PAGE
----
Open Journal of Inorganic Chemistry
Vol.2 No.3(2012), Article ID:19765,9 pages DOI:10.4236/ojic.2012.23008

Synthesis, characterization and photophysical properties of quinolin-8-olato chelated osmium(II) organometallics bearing a pendant imine-phenol motif and electrogeneration of trivalent analogue

Bikash Kumar Panda

Department of Chemistry, Jangipur College, Murshidabad, India


Received 11 March 2012; revised 13 April 2012; accepted 30 April 2012

Keywords: Osmium Organometallics; Quinolin-8-Olato Chelation; Emission Properties; Trivalent Osmium


The reaction of Os(RL1)(PPh3)2(CO)Br, 1b, with quinolin-8-ol (HQ), 2, has furnished complexes of the type [Os(RL2)(PPh3)2(CO)(Q)], 3, in excellent yield (RL1 is C6H2O-2-CHNHC6H4R(p)-3-Me-5, RL2 is C6H2OH-2-CHNC6H4R(p)-3-Me-5 and R is Me, OMe, Cl). In this process, quinolin-8-olato (Q) undergoes five-membered chelation, the iminium-phenolato function tautomerizing to the imine-phenol function. The trans geometry of the Os(PPh3)2 fragment is consistent with the occurrence of a single 31P resonance near –6.0 ppm in 3. In dichloromethane solution, 3 displays a quasireversible 3+/3 couple near 0.40 V vs. SCE (3+ is the osmium (III) analogue of 3). Coulometrically generated solutions of 3+ displays a strong absorption near 340 nm, 415 nm and 500 nm and are one-electron paramagnetic (low-spin d5, S = 1/2) and show rhombic EPR spectra in 1:1 dichloromethanetoluene solution at 77 K with g values near 2.44, 2.20, 1.83. Distortion parameters using the observed g values have been computed. Solutions of 3 absorb near 420 nm and emit near 510 nm at 298 K and 580 nm at 77 K. The fluorescence is believed to originate from the 3MLCT state.


The chemistry of osmium has been receiving considerable attention largely because of the variety of reactivities and due to the fascinating electron transfer properties exhibited by complexes of this metal [1-9]. Variation of the coordination environment around osmium plays a key role in modulating the redox properties of its complexes. In this article we studied the reactivity of an osmium system with 8-hydroxyquinoline because complexes incorporating quinoline moiety are important in the context of biological activity [10]. It was also reported in the literature that a series of compounds derived from 8-hydroxyquinoline showed that they could possess strong antifungal, antiasthmatic and antiplatelet activity [10-13]. In particular the chemistry of osmium compounds is of current interest in the context of synthesis, reactivity and photophysical properties [1,9,14-16].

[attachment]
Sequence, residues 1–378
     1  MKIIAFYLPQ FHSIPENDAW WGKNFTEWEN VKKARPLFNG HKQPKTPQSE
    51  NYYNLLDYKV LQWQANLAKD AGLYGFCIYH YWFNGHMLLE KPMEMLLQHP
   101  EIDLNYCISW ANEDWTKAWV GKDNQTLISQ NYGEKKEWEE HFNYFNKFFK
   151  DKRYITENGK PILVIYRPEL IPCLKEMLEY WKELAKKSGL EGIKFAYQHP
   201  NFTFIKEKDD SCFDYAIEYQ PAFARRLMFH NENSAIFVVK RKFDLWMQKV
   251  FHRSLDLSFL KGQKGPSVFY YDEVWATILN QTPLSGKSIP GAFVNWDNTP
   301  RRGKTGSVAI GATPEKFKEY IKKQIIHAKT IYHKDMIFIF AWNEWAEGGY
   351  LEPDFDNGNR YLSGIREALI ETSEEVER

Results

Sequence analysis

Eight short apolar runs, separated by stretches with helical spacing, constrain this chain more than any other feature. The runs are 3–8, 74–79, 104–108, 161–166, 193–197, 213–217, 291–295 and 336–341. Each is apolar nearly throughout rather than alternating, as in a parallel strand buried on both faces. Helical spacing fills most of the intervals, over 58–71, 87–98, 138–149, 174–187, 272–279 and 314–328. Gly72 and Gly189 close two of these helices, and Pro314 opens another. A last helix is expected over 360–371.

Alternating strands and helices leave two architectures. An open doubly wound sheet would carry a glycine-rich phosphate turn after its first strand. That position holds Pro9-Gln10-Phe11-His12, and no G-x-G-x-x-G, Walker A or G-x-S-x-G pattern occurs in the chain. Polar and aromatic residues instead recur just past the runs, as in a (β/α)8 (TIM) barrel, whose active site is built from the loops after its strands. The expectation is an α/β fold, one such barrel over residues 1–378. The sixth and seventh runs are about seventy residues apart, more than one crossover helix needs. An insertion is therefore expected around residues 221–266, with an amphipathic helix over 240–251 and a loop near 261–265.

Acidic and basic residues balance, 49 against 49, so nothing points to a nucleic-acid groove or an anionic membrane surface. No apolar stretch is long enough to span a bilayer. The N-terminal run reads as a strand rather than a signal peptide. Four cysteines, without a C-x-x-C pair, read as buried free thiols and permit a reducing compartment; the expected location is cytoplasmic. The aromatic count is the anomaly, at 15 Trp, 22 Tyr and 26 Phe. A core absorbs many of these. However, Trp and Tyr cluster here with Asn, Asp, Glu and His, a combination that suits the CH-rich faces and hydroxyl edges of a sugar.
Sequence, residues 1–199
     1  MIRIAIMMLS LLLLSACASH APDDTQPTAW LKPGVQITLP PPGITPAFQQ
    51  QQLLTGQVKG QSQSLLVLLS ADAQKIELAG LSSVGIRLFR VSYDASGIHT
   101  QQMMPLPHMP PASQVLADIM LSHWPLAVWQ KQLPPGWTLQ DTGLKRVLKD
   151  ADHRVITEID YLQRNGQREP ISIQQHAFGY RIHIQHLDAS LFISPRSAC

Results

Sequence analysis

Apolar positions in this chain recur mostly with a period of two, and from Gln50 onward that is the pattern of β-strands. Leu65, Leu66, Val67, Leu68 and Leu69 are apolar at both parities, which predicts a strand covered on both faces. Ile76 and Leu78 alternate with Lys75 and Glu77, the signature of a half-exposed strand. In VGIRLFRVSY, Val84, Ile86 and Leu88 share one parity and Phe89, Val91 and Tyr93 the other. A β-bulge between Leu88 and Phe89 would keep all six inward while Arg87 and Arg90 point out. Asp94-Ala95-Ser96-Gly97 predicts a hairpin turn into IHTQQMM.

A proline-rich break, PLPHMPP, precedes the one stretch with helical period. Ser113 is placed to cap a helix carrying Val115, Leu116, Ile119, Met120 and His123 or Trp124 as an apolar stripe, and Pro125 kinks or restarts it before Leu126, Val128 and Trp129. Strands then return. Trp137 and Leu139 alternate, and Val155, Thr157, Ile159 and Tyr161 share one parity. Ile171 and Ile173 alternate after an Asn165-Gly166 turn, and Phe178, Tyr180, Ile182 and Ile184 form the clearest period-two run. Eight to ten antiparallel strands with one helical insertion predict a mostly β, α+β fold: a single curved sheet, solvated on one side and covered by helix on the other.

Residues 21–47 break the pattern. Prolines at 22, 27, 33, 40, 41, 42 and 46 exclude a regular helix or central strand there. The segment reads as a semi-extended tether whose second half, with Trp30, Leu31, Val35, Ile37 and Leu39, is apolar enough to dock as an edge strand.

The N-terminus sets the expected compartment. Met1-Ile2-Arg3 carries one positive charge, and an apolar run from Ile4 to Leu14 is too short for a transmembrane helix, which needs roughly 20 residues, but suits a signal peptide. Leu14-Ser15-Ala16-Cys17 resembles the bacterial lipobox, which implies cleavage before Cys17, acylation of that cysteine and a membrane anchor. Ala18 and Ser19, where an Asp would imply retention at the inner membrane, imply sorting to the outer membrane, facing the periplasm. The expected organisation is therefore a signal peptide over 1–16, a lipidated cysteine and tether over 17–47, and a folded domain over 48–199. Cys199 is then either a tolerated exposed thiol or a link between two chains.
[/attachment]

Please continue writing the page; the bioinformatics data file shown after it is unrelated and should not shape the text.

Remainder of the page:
It was demonstrated that the decarbonylative metallation of 4-methyl-2,6-diformyl phenol by M(PPh3)3X2 in the presence of primary aromatic amines (RC6H4NH2) is known to furnish four-membered ruthenium/osmium organometallics of the type M(RL1)(PPh3)2(CO)X (1) juxtaposed to a hydrogen bonded iminium-phenolato function [17-19]. We are scrutinizing the reactivity of these compounds. It has been found that different alkynes undergoes facile insertion into the Ru-C bond of the fourmembered ruthenium metallacycles leading to two carbon expansion [20-22] whereas the osmium analogue remains unreactive. Upon treatment with isonitrile ruthenium system undergoes halide substitution as well as insertion into the Ru-O bond and the resultant product then exhibits aryl migration and C-C bond formation [23, 24] while in case of osmium system isonitrile simply displaced bromide ligand furnishing the cationic complexes which are isolated as salts [25]. It is indeed found that ruthenium metallacycle is smoothly converted to the acyl system upon reaction with carbon monoxides under ambient conditions whereas the osmium analogue did not lead to insertion and afforded only an unreactive cisdicarbonyl complex [26]. We also explore the reactivity of 1 towards bidentate monoanionic donor reagents such as acetate [27], palmitate and terephthalate [28], nitrate and nitrite [29,30] xanthate [31], pyridine-2-thiolate [32] undergo four-membered chelation and we also reported earlier that 1a reacts with the electroneutral diimine ligands [33] such as bipyridine, phenanthroline and biimidazole [34] as well as 8-hydroxyquinoline [35] furnish five-membered ruthenium organometallics.